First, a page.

In a written statement published on the Department of Energy & Climate Change website, the UK’s Secretary of State for Energy and Climate Change has announced that the UK Government, along with the UK’s Green Investment Bank, will back a new pilot program to the tune of £200 million to invest in renewable energy and energy efficiency projects in developing countries.
In addition to facilitating investment in renewable energy and energy efficiency projects, the new pilot program will also support “economic growth, job creation, and development of reliable energy infrastructure.”
“This important new pilot programme will see [the Green Investment Bank] (GIB) investing outside the UK for the first time,” said Shaun Kingsbury, chief executive of UK Green Investment Bank. “I am confident that our unique business model, tried and tested in the UK, will have a very positive effect in developing countries, helping them to build vital new green energy infrastructure.”
The Department of Energy & Climate Change (DECC) highlighted the “very successful” efforts of the GIB in “mobilising private sector investment into the UK’s green infrastructure and economy.” Apparently, since its launch in 2012, the GIB has invested in 42 separate projects, “and committed £1.8bn of capital, which will deliver £6.6bn of new infrastructure investment.” Upon completion, these projects will save approximately 3.7 million tonnes of CO2 from entering the atmosphere per year.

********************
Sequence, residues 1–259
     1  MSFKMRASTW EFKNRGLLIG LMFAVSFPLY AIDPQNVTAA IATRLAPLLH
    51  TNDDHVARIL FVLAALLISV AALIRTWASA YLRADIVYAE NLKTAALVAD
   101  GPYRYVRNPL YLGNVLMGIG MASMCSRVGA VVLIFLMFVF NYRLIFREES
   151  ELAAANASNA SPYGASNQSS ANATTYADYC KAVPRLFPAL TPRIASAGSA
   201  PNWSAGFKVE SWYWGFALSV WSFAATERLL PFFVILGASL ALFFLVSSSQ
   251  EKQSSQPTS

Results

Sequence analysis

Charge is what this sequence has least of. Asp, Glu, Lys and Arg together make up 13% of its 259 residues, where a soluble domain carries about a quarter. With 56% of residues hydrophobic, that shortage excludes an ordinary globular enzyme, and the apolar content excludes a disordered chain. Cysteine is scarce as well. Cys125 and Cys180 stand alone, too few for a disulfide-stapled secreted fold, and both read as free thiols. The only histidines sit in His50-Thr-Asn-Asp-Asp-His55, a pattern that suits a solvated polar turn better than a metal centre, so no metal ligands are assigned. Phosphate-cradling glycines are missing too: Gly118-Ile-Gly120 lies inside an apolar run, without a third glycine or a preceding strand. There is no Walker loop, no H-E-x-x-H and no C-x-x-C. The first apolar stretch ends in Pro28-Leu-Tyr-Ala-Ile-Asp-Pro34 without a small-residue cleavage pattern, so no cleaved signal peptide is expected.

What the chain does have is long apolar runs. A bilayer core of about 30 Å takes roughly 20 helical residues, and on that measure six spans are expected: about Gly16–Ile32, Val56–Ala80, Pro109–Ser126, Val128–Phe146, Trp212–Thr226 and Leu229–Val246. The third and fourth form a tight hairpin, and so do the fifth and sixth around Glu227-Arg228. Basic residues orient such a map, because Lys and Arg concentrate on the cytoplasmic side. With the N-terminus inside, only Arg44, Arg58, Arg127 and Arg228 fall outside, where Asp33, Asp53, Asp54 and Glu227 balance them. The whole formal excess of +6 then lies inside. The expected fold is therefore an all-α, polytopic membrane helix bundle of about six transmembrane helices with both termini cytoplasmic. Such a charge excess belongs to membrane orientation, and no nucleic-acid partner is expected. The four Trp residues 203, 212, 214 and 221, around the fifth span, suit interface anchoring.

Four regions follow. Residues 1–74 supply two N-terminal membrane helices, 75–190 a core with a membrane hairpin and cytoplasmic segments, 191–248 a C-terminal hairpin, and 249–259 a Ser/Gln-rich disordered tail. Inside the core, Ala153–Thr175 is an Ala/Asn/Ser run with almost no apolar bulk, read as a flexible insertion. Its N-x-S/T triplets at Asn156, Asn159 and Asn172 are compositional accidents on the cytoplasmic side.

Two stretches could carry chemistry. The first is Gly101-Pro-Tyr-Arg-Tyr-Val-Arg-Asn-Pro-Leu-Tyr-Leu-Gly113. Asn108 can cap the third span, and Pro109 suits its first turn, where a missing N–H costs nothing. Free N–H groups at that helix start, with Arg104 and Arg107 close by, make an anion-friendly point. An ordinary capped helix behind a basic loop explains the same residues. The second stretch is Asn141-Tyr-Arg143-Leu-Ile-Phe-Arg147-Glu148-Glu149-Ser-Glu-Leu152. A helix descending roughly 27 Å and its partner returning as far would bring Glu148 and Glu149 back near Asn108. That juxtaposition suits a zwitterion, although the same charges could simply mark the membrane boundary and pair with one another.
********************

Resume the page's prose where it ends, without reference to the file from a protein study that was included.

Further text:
This new £200 million will come from the £3.87 billion that the UK had already allocated to the IFC to finance such projects, in line with the joint mobilization of $100 billion of climate finance a year by 2020 developed countries such as the UK had committed to deliver to developing countries, sourced from both public and private sources.
The UK’s Green Investment Bank popped up several times in the news last year, thanks to two big announcements: First, in June, the GIB announced that it would raise £1 billion for a new fund to “acquire equity stakes in operational offshore wind projects in the UK,” going a long way to boosting the country’s offshore wind industry. Later in the year, UK Prime Minister David Cameron publicly congratulated the Green Investment Bank for mobilizing more than £5 billion for new green energy infrastructure projects.
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